Fraud claims vs Moody's, S&P, to go forward: US judge

Fri Aug 17, 2012 9:31pm EDT

* Investors sued over Cheyne debt vehicle

* Fraud claims against Morgan Stanley tossed out

* Morgan Stanley still faces aiding and abetting claims

* Judge may drop negligent misrepresentation claims

By Basil Katz

Aug 17 (Reuters) - A Manhattan federal judge on Friday refused to dismiss a lawsuit seeking to hold credit rating agencies responsible for misleading investors about the safety of a risky debt vehicle that they rated.

U.S. District Judge Shira Scheindlin denied a bid by Moody's Investors Service and Standard & Poor's to dismiss the claims, saying a jury could reasonably infer the agencies acted fraudulently over their activities regarding the Cheyne structured investment vehicle.

Friday's 89-page opinion also dismissed substantive fraud claims against Morgan Stanley, which marketed the SIV, but let stand claims the bank aided and abetted the alleged wrongdoing.

"Morgan Stanley not only substantially assisted the rating agencies in perpetrating a fraud, but actively encouraged them to do so," the opinion said.

"Plaintiffs have offered evidence suggesting that despite misgivings, Morgan Stanley manipulated the Cheyne SIV modeling process to create the ratings it desired," the opinion said. The bank "can be liable for aiding and abetting fraud, but not fraud."

Morgan Stanley spokeswoman Mary Claire Delaney declined to comment.

In court papers, the rating agencies and the bank have argued that there was no wrongdoing and that the ratings constitute independent opinions by the agencies.

The Abu Dhabi Commercial Bank, King County in Washington state, and a group of other investors had sued over losses they claimed to suffer when Cheyne went bankrupt in August 2007.

The plaintiffs are seeking unspecified damages. The plaintiffs say that by the time Cheyne collapsed it was worth about $9 billion.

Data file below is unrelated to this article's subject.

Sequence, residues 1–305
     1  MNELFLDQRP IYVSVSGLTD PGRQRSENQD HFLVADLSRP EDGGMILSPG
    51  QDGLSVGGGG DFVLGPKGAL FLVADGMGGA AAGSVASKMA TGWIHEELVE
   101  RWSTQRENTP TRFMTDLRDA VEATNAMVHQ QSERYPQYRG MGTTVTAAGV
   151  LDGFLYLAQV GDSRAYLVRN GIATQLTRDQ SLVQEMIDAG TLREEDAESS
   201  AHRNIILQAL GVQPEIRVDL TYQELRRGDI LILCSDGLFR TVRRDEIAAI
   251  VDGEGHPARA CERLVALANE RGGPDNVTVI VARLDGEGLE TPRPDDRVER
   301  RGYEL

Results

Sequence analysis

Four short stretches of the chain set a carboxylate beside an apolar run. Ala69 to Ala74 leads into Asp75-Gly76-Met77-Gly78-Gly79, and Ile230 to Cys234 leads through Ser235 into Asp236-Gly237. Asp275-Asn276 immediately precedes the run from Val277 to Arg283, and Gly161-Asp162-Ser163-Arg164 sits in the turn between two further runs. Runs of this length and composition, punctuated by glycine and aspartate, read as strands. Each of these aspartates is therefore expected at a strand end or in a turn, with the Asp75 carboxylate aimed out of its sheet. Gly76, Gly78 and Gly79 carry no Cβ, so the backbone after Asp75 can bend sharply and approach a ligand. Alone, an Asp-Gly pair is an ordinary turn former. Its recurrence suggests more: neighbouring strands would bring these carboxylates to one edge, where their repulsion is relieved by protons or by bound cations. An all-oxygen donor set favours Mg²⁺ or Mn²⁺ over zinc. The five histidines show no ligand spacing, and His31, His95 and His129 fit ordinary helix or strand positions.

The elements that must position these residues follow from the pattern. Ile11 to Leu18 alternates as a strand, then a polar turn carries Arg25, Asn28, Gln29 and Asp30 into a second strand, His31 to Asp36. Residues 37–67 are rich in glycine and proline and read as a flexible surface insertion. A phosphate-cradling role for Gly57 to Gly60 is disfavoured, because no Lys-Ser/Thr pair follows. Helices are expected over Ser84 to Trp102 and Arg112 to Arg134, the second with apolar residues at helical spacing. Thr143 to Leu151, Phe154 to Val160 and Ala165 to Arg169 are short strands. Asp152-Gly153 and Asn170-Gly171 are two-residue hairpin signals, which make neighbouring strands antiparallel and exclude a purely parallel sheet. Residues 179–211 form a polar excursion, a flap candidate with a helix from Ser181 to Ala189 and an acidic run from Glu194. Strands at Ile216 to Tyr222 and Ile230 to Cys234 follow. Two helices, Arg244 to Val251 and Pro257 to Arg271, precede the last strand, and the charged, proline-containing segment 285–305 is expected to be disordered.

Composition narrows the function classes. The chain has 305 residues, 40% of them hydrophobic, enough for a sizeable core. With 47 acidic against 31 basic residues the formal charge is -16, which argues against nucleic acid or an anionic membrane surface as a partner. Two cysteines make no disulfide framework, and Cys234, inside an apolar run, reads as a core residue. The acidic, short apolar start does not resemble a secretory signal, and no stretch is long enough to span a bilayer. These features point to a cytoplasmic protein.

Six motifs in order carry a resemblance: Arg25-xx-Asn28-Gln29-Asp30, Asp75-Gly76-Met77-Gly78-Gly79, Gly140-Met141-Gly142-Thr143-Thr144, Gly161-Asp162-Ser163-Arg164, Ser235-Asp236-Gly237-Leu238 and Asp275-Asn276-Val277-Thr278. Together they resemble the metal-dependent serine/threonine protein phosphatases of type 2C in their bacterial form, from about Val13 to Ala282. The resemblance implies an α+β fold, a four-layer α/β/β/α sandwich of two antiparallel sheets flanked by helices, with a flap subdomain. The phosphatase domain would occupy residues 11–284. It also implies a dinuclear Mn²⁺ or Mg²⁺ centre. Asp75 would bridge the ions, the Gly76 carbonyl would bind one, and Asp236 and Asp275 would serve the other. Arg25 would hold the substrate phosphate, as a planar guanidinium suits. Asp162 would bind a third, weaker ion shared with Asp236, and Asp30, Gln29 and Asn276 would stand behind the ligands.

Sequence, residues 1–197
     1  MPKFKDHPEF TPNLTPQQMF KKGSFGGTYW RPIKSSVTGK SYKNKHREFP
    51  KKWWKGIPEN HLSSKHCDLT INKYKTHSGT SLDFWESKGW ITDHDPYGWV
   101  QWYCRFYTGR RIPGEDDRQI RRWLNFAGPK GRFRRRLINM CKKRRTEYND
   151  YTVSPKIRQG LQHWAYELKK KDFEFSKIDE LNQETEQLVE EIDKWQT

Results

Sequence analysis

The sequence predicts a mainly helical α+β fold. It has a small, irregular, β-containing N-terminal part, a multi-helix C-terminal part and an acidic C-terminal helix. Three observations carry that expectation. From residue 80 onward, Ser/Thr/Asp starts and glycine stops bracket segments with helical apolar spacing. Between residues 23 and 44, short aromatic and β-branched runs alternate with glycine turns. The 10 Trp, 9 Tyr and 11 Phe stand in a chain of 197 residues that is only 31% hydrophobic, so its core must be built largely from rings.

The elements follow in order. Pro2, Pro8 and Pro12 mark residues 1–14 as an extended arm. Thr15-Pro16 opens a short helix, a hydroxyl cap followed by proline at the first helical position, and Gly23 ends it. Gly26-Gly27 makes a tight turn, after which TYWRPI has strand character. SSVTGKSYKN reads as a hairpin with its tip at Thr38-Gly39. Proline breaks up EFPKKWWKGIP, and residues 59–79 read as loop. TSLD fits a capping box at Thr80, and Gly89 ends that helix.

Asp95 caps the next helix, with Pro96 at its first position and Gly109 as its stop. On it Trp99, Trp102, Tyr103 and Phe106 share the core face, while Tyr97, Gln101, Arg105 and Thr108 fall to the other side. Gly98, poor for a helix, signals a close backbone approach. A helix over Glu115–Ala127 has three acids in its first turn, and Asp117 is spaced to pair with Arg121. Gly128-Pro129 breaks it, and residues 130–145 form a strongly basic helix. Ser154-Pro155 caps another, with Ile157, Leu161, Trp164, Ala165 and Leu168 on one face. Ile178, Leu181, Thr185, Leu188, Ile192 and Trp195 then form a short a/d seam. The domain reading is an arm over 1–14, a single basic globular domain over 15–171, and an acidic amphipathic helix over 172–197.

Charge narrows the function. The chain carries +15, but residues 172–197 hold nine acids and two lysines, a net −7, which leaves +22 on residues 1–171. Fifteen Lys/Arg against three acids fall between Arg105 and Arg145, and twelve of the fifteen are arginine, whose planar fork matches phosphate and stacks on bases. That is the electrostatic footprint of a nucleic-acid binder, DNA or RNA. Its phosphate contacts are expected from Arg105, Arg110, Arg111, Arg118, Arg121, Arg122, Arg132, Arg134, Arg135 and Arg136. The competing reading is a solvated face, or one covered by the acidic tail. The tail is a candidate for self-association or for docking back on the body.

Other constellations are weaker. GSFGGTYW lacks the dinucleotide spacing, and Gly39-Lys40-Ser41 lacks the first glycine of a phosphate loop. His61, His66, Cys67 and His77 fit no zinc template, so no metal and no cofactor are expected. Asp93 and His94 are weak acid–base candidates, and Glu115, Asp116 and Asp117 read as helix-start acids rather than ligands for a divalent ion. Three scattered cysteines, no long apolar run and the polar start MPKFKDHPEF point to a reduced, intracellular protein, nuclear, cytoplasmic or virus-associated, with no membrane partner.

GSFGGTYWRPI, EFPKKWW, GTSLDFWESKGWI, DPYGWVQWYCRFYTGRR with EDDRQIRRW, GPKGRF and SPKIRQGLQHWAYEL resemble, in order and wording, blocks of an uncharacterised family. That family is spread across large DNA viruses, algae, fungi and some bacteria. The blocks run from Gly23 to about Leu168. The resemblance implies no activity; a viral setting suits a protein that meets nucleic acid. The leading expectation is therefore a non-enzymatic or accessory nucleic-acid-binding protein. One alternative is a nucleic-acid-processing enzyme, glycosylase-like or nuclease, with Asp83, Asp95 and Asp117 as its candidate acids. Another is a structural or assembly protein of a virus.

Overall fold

Friday's opinion kept in place 12 of the investors' claims and tossed out three.

"We are pleased that the court dismissed several claims against Standard & Poor's," said spokesman Edward Sweeney. S&P is a unit of McGraw-Hill Cos. "We expect to prevail at trial on the fraud claims."

Representatives for Moody's, a unit of Moody's Corp, did not immediately return requests for comment.

The judge ruled that the "plaintiffs have also offered sufficient evidence from which a reasonable jury could infer that the rating agencies did not believe the ratings when they issued them."

The opinion quoted from an online conversation between S&P employees in which one analyst tells another that "that deal is ridiculous."

Daniel Drosman, a lawyer for the plaintiffs, said they were "pleased that the court, after examining the evidence, has recognized the validity of our fraud claims against Morgan Stanley and the rating agencies."

The judge also ordered the plaintiffs to file briefs by the end of the month demonstrating why their negligent misrepresentation claims against the rating agencies should stay in place in light of a recent federal appeals court decision.

Sweeney, the S&P spokesman, said the agency believes those claims should be tossed out.

The case is Abu Dhabi Commercial Bank et al v. Morgan Stanley & Co et al, U.S. District Court, Southern District of New York, No. 08-cv-07508.

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